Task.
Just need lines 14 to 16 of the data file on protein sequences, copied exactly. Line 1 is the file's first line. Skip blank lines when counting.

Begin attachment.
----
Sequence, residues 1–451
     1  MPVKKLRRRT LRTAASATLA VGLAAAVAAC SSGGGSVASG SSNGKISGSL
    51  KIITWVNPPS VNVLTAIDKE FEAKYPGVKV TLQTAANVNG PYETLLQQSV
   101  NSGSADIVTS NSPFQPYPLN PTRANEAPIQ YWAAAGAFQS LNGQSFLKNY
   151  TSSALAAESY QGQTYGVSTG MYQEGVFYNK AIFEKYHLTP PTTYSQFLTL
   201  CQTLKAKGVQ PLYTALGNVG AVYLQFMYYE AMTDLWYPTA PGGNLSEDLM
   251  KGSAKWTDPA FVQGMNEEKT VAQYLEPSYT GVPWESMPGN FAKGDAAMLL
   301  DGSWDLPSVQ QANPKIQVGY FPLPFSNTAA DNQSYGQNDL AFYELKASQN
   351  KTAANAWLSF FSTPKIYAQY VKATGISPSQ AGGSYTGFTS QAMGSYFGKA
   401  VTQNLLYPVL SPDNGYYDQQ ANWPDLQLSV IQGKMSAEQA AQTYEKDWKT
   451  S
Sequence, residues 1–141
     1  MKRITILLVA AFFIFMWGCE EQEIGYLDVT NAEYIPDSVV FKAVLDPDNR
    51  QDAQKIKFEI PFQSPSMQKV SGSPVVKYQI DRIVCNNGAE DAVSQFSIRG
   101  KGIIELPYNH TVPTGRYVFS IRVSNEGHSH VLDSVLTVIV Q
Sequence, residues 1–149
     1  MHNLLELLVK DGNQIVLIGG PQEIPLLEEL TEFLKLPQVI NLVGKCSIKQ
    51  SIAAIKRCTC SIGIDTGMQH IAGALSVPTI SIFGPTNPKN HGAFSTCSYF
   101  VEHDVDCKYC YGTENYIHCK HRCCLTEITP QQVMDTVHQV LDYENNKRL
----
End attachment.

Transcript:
    51  QDAQKIKFEI PFQSPSMQKV SGSPVVKYQI DRIVCNNGAE DAVSQFSIRG
   101  KGIIELPYNH TVPTGRYVFS IRVSNEGHSH VLDSVLTVIV Q
Sequence, residues 1–149